Lost World: Jurassic Park is the epitome of American mainstream action movies. Spielberg has been through this routine so many times that it has become second nature. He is a master at what he does. It’s not that he makes it look easy, it’s that he makes it seamless. One doesn’t notice the acting or the editing or the music; instead, we get caught up in the story and hold on to our seats.
King Kong (1933), where the stegosaurs look just as convincing as they do in Lost World. Lost World seems to have been strongly influenced by King Kong.
Aliens, which is yet another movie with a King Kong sort of theme.
For the six of you on the planet who didn’t see Jurassic Park, a scientist, John Hammond, found a way to bring dinosaurs back to life by cloning ancient DNA. The dinosaurs were bred and raised as exhibits for a brand-new safari park. At the park’s premiere, the dinosaurs ran amok and killed lots of people.
At the beginning of Lost World, we learn that those dinosaurs were destroyed, but that other dinosaurs on another island survived. Now, naturalists are going to the island to study dinosaur behavior and “adventurers” are going back for fun and profit. Ian Malcolm, a mathematician who survived Jurassic Park, is going to the island to save his girlfriend (Dr. Sarah Harding, played by Julianne Moore).
But really, what does plot matter when you have an excellent summer action movie with cool special effects?
Spielberg said something like, “Last time we invented the instrument. This time we learned how to play it.” That’s a very apt summary of Lost World. In Jurassic Park, the dinosaurs were treated with a sense of awe: their mere existence (both on film and in the film) was enough. The first time we see them, the characters spend a few moments staring at the brachiosaurs. They didn’t really have to do anything because we hadn’t seen them before. This time, Spielberg gets to the dinosaur scenes more quickly and spends less time introducing them. This allows for more screen time devoted to seeing them doing cool stuff, like eating people.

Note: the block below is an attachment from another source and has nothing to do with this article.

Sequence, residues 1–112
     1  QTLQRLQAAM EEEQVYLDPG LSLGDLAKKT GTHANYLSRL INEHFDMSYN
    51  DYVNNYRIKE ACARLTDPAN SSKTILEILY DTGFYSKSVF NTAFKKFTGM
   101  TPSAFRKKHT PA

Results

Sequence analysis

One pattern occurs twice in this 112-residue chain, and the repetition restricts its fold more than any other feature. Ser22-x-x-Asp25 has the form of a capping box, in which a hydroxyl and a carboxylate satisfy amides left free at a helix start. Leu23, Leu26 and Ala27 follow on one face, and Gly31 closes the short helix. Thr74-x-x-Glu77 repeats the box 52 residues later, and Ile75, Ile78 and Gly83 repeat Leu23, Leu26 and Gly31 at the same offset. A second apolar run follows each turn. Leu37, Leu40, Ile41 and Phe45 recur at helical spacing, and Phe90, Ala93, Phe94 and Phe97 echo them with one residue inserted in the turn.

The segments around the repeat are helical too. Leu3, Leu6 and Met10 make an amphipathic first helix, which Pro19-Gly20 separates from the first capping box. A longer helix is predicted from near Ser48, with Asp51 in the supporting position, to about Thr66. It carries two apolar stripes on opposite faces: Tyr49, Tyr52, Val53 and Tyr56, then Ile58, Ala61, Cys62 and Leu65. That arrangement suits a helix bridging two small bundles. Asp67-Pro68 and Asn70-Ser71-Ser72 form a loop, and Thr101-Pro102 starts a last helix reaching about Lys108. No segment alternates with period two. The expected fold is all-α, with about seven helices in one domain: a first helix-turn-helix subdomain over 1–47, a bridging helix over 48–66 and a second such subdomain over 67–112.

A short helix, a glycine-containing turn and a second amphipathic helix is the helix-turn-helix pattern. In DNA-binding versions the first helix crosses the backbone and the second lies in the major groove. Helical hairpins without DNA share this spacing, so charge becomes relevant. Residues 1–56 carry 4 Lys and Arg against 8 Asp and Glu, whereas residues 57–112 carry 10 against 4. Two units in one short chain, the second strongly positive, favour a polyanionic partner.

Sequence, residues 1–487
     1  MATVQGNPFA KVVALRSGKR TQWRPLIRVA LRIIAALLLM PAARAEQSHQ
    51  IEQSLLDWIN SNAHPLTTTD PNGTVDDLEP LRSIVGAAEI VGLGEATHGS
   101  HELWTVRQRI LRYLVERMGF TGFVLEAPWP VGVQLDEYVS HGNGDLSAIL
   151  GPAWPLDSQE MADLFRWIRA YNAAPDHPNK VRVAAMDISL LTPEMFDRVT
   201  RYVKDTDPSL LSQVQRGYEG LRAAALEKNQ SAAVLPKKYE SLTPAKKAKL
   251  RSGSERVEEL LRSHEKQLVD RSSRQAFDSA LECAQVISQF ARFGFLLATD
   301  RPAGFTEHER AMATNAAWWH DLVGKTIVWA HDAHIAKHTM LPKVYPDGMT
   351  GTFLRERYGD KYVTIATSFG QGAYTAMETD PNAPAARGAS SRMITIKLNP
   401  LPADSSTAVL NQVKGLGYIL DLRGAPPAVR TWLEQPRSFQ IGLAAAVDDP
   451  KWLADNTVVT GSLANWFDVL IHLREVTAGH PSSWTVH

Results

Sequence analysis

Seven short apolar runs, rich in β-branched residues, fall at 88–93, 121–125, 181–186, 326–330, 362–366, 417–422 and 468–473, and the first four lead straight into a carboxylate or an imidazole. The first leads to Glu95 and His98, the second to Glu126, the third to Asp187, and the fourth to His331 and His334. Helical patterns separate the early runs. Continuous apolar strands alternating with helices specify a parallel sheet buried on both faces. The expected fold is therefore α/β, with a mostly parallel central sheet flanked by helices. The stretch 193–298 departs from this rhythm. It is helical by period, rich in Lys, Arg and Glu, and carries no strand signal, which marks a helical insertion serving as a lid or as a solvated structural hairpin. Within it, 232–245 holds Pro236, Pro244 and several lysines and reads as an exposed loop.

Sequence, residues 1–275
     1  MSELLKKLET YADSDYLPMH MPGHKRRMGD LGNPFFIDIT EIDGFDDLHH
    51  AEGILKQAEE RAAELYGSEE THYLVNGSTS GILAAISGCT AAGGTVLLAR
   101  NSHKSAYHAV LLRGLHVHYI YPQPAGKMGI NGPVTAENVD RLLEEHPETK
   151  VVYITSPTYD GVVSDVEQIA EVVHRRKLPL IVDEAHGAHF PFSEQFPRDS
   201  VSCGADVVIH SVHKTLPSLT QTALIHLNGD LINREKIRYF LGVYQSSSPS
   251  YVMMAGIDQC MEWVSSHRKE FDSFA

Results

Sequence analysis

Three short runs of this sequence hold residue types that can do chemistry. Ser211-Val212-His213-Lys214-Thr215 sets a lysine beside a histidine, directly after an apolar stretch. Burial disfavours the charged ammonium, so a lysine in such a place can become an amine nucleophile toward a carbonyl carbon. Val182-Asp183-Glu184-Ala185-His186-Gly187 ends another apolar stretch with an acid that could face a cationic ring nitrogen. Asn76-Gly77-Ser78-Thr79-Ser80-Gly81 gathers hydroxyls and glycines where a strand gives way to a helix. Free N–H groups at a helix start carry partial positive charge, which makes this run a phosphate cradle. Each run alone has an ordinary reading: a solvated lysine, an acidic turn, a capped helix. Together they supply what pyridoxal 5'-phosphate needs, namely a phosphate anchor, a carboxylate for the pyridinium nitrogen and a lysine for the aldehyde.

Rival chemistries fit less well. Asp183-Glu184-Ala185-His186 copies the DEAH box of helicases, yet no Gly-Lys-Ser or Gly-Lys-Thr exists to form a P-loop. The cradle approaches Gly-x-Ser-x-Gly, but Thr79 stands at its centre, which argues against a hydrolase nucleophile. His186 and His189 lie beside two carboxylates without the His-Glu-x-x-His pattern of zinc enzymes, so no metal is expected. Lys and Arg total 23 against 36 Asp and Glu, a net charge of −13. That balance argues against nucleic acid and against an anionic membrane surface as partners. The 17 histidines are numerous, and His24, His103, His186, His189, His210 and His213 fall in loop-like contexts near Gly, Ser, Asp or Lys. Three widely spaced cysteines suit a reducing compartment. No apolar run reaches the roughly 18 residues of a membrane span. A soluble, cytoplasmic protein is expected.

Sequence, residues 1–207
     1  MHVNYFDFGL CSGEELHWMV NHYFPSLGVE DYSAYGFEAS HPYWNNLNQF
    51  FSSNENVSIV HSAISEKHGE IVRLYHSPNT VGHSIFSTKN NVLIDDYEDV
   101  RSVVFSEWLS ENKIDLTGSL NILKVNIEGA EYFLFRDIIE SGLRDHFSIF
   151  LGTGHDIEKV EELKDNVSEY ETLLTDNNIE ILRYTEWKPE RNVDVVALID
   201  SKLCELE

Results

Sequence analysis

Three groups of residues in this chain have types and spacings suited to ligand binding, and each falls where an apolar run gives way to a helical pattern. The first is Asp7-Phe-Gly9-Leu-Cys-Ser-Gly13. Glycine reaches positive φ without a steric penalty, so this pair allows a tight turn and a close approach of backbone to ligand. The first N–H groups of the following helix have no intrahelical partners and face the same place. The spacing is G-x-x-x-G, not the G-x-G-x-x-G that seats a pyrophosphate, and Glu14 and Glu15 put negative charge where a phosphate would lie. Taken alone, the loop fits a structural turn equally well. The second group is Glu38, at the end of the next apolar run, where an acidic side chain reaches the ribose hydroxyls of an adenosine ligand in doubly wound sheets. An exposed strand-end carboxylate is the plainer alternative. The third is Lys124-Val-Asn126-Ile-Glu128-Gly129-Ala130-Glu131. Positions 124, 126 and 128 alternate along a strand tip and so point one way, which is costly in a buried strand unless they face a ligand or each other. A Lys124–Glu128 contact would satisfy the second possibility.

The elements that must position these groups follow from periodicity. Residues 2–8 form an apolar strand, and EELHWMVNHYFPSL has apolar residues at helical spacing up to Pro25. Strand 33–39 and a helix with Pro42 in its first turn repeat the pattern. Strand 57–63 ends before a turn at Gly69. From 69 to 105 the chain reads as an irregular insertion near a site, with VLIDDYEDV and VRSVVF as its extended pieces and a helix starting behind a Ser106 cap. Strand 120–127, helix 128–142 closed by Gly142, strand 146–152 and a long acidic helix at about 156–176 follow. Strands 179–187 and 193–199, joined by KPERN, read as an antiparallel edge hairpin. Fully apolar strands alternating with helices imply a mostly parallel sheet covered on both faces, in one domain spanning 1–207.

There are new dinosaurs in this movie. The little “compys” attack in little hops, jumps, and nips. But because of their sheer numbers they are almost more frightening than the big Tyrannosaurus Rexes. There are two T. Rexes this time, along with a little baby one. And of course the velociraptors are back (though not as prominently featured as last time).
There is also an excellent action sequence that involves a T. Rex pushing an occupied bus over a cliff. The sequence lasts several minutes, and the tension never lets up.
Another sequence shows the dinosaurs on the run from the hunters. In perhaps the most amazing shot, the camera follows a motorcycle through the legs of a running dinosaur.
For the six of you on the planet who are going to this movie to see the characters, they were alright. The big game hunter Roland Tembo (played impatiently by Pete Postlethwaite — don’t you just love saying that name?) was hard not to like. Goldblum played the same character as last time, a little flatly, but he was given some good lines. His daughter was likeably headstrong without being a “tomboy.” That she was a different race and that the movie didn’t apologize for it or explain it away was a nice bow to color blindness (reminiscent of the casting of Kenneth Branagh and Denzel Washington in Much Ado about Nothing).
A few little jokes are hidden in the movie near the end. Japanese businessmen run away from the rampaging monster in a wry little quote from Godzilla. A pedestrian who gets eaten is played by David Koepp, the screenwriter. In another quick shot, we see two posters in a video store: one for a Robin Williams version of Jack and the Beanstalk (the last movie from Williams, a friend of Spielberg, was called Jack), and a Schwarzenegger version of Shakespeare’s King Lear.
A friend of mine said that there was too much King Kong/Godzilla going on at the end, and she’s right that it didn’t really fit with the rest of the movie, but it seems to be part of the action genre to throw in a little tongue-in-cheek humor here and there. Keep that in mind, and you won’t have to roll your eyes at the humor.
It’s hard to imagine anyone not knowing what they’re getting into when they go see Lost World. So since you’re not expecting artful costumes, insightful dialog, or careful exploration of themes, I can safely recommend this movie as another great summer escape.